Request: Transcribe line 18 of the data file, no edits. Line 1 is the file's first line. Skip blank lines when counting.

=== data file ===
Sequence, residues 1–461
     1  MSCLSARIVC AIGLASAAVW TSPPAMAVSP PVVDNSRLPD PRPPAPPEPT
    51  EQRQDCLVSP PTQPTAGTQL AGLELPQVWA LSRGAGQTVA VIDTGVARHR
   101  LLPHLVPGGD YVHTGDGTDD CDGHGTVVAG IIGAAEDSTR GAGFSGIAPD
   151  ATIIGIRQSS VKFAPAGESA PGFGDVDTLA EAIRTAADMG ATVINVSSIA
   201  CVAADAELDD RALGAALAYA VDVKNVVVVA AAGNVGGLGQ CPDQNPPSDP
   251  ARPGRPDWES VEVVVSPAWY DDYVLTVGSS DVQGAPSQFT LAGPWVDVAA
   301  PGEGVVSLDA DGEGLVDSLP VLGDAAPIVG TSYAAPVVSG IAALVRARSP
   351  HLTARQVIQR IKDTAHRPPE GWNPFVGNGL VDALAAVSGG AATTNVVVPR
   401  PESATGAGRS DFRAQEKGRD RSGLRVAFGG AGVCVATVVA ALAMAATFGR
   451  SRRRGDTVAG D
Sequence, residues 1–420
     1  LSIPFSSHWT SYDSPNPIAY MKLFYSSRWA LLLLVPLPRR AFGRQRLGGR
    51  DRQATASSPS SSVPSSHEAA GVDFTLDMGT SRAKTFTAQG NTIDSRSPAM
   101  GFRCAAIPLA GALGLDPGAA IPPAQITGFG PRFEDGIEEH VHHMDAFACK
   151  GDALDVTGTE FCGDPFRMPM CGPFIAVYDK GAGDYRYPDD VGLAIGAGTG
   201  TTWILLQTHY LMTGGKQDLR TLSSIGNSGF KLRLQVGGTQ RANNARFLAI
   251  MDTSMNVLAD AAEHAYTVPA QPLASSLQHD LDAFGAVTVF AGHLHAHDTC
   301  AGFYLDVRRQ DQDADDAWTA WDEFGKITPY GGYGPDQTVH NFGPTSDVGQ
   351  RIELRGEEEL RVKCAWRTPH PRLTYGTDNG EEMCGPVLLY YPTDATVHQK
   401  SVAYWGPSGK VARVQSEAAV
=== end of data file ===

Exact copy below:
   251  MDTSMNVLAD AAEHAYTVPA QPLASSLQHD LDAFGAVTVF AGHLHAHDTC